Sydney Wignall - Spy on the Roof of the World
A lark, to climb the highest peak in Chinese-occupied Tibet, turned deadly serious. Sydney Wignell and his companions were captured, interrogated, and repeatedly forced to experience mock executions, which seemed very real to them.
Eventually the Chinese bowed to international pressure, and on December 10, 1955, the three men were escorted to the Nepalese frontier. They were faced with making their way across the mountains via the 18,482ft Urai Lekh pass and the avalanche-prone Seti Gorge which, as Wignall recalled, locals assured him had never before been forced in winter. For provisions, they were given a sack of flour, a bag of sugar and a small piece of meat. The Chinese, they reasoned, did not intend them to survive.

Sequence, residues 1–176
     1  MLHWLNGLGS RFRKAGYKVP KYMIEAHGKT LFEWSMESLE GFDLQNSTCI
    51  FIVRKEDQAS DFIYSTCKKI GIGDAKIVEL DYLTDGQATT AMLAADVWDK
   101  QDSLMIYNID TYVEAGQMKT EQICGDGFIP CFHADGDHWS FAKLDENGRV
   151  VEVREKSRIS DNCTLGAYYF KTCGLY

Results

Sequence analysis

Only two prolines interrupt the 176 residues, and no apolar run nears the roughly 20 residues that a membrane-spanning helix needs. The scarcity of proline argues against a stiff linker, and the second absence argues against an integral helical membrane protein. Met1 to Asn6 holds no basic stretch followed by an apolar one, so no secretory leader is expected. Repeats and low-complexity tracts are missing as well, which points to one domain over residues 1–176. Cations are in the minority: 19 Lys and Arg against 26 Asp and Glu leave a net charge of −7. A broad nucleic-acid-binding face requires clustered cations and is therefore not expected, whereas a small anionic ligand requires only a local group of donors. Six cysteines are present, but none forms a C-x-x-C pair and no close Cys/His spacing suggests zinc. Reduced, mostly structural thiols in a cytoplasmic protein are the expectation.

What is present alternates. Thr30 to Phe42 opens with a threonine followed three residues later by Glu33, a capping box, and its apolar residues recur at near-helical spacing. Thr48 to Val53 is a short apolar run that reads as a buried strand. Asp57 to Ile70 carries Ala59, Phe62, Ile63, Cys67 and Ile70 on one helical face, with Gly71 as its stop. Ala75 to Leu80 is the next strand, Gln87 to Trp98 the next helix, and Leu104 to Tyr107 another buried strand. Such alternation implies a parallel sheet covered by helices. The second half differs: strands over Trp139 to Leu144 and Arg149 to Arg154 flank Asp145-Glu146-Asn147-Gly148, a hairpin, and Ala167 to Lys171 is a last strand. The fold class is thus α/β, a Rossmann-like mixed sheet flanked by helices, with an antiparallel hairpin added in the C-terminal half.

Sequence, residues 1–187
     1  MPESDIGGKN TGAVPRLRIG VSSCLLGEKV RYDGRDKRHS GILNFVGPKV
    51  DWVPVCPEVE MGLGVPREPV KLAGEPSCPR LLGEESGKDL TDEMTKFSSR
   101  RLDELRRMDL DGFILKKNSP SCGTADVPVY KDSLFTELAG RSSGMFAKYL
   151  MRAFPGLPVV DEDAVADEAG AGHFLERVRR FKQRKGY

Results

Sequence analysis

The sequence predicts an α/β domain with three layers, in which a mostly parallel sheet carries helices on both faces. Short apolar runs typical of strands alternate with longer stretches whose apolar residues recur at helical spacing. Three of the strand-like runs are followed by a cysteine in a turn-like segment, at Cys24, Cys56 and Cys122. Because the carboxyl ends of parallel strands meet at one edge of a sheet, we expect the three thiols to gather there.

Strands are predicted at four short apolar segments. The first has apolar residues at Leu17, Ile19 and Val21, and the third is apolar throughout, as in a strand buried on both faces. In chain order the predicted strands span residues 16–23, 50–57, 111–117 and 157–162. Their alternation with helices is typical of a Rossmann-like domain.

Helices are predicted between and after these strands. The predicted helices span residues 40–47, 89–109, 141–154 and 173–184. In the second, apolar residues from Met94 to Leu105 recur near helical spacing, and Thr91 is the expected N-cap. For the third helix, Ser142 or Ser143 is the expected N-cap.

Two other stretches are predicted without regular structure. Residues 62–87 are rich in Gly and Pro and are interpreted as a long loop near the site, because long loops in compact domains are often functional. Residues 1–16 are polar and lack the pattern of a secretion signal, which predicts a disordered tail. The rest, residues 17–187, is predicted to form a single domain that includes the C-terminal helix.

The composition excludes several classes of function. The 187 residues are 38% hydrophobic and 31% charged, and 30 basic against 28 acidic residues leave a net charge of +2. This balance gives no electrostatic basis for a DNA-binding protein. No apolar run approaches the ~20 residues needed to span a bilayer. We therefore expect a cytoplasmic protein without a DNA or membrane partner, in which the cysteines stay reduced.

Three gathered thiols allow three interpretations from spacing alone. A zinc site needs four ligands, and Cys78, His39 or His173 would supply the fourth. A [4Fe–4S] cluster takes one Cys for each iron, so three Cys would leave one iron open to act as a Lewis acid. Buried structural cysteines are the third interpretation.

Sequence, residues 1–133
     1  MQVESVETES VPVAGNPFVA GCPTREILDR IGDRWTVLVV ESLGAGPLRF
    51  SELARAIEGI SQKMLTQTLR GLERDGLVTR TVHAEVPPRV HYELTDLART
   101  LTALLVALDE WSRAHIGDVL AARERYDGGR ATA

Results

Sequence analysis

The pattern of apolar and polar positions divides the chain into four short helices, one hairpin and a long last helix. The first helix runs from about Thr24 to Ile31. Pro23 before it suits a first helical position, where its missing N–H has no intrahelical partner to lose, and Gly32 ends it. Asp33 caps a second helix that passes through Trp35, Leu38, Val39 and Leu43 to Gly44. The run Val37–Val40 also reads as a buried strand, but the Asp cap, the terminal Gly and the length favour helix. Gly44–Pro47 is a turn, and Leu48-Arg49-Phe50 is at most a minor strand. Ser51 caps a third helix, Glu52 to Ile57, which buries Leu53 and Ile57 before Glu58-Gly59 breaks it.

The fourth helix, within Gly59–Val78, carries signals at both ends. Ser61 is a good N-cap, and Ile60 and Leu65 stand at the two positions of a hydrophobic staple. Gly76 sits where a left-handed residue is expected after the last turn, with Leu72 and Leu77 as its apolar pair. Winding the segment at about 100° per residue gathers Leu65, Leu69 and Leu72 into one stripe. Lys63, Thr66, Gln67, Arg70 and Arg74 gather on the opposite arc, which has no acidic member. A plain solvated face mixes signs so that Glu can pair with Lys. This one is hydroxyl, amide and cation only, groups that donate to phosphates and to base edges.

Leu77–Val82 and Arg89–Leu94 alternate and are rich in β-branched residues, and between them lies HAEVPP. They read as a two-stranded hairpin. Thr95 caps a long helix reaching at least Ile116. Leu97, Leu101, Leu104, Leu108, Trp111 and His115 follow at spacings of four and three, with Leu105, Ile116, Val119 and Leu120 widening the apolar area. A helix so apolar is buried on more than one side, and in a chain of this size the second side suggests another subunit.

The "lark" was actually more serious than it seemed. Wignall was spying, and obtained important information while being interrogated.
A self-taught apprentice electrical engineer who became an adventurer, he left the mountain heights for the depths of the sea, learning how to dive and exploring ships from the Spanish Armada which had sunk off the Irish Coast. He discovered why the Spanish, though firing thousands of rounds at English ships, had failed to hit any.
Sydney Wignall has died at the age of 89.
Ave atque Vale.